Bad Poetry

School has resumed and with it, two writing classes. The first is Reading and Writing Poetry, a pre-requisite for the English in Writing Major. It is also a pre-req for all the other pre-reqs, making it one of the hardest classes to get into at Northwestern. Two people showed up on the first day hoping registered students wouldn’t show – alas, we all made it.

My professor is probably in her mid-twenties, a doctoral candidate for some impressive literature specialty, but what really matters is that she has an MFA in poetry from U of M. Our textbooks are the ABC of Reading by Ezra Pound, the Longman Anthology of Poetry (edited by NU professor Averill Curdy), and a Poet’s Guide to Poetry, written by the founder of Northwestern’s creative writing department, Mary Kinzie.

I guess I’d better read these books.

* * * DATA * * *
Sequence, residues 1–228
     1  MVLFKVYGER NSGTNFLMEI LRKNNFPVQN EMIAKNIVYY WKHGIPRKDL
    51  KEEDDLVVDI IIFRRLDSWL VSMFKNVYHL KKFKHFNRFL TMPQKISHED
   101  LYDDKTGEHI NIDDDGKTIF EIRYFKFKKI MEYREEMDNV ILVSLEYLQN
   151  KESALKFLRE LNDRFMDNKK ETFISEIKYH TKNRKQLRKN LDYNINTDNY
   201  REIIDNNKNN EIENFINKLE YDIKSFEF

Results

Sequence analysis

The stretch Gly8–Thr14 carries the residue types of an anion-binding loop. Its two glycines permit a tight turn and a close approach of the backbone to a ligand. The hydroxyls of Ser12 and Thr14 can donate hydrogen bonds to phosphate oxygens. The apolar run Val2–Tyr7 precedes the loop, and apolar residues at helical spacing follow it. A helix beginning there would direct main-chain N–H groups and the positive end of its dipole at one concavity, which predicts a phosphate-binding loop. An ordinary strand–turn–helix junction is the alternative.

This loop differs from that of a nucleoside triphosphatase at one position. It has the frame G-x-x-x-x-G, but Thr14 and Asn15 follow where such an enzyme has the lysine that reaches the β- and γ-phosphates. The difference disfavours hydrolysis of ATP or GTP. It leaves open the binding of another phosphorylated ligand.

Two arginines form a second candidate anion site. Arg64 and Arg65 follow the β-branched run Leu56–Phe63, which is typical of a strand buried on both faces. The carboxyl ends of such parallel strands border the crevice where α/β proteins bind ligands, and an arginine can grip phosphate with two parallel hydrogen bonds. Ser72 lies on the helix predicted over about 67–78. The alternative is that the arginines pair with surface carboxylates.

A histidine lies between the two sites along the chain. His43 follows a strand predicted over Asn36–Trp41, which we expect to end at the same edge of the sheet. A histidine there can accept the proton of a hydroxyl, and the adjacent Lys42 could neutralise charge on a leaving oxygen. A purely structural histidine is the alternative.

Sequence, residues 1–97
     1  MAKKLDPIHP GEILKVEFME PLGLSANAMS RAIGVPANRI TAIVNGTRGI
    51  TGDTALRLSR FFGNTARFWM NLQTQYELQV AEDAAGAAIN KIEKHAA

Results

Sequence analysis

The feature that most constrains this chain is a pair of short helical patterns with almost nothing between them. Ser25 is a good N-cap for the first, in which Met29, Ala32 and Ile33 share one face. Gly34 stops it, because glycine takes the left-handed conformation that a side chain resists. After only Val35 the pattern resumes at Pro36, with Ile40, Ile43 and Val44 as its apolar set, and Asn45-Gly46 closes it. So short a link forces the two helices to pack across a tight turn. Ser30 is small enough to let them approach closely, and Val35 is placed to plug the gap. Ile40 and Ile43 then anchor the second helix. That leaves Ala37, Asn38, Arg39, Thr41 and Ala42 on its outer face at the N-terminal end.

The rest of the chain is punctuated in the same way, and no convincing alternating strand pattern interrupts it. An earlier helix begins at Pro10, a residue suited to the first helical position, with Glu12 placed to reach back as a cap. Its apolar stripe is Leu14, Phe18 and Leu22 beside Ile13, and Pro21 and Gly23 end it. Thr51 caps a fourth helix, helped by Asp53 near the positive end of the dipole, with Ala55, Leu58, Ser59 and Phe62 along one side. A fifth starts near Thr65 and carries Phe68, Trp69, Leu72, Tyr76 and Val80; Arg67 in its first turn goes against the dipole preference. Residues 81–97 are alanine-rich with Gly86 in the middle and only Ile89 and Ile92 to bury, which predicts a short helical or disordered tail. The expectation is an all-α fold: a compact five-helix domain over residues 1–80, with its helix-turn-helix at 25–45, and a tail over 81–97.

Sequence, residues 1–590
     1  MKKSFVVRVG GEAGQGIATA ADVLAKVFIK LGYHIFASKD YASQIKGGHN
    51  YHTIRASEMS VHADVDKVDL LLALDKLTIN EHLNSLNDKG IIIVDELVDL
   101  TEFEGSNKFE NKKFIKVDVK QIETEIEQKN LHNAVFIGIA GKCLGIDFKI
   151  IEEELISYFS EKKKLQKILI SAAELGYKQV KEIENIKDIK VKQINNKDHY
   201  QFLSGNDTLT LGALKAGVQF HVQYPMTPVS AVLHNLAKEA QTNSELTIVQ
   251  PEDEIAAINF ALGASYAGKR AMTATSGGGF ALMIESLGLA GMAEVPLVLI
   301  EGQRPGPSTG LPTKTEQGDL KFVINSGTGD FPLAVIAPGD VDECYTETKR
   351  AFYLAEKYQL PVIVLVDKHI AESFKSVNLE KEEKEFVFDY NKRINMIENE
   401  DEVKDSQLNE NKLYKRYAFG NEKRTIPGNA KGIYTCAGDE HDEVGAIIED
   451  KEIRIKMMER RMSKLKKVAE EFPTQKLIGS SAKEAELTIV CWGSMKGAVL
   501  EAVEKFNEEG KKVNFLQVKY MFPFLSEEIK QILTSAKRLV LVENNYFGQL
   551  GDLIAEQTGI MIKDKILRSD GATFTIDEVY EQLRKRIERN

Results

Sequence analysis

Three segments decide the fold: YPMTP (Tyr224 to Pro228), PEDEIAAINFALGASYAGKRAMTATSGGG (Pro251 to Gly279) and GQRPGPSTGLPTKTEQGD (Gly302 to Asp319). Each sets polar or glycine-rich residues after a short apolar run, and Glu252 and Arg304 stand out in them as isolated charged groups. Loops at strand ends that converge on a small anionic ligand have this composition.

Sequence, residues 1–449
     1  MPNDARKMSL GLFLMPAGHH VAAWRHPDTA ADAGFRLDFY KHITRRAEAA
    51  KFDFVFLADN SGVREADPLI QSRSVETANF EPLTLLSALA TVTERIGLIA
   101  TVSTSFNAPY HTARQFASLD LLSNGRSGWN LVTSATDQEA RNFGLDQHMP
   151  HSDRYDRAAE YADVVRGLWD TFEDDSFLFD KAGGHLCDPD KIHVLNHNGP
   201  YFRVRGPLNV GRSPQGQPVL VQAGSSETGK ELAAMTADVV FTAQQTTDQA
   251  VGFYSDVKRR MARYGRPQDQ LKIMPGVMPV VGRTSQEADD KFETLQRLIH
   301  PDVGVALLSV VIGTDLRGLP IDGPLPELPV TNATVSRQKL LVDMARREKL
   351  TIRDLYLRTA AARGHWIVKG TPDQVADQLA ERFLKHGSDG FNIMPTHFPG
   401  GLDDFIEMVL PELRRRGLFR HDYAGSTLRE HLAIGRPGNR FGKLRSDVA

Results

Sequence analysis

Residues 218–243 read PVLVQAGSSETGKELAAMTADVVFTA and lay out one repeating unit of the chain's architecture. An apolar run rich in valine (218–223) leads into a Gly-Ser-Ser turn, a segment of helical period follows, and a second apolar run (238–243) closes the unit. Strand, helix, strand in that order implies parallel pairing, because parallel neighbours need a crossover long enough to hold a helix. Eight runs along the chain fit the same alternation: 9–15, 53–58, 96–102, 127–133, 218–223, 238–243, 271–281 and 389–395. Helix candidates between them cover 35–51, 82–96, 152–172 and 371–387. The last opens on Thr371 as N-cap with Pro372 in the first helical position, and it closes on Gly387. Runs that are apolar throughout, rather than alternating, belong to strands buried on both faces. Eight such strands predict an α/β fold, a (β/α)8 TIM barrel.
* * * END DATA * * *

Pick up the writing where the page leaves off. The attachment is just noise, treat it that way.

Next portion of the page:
Our first assignment was to write a bad poem. As I wrote mine, I guessed that our professor would use it as an example to show that even bad poetry can be interesting and have hidden meanings. While this wasn’t the point she made, I still think it’s valid.

Writing a bad poem was surprisingly hard to do, and I will admit with some shame that most of my classmates had worse poems than mine. While I tried to overuse apostrophe and alliteration, they leaned upon worn-out metaphors and themes and rhymes that left their poems sounding much worse. Still, I hope you cringe a little at the badness of my poem:

Moon Sonnet

Oh, white Moon

How soft thy curves!

Like the lips of a lover

Caressing the cool, crisp night.

Oh, bright Moon

How smooth thy blemishes!

Like a visage viewing

Our black, brooding night.

Oh, round Moon

How short thy stay!

Like the favors of a fair-weather friend

Slipping through the silver of time

To leave us only a sliver

Of what we once loved.

5 thoughts on “Bad Poetry

  1. Here here, keep writing badly. Maybe you can work some of that badness into your prose. That’s my focus now, improving the quality of my writing, now seriously looking at the sound quality-who knew. So much to learn still.
    I love that I can do this whole schooling thing along with you.

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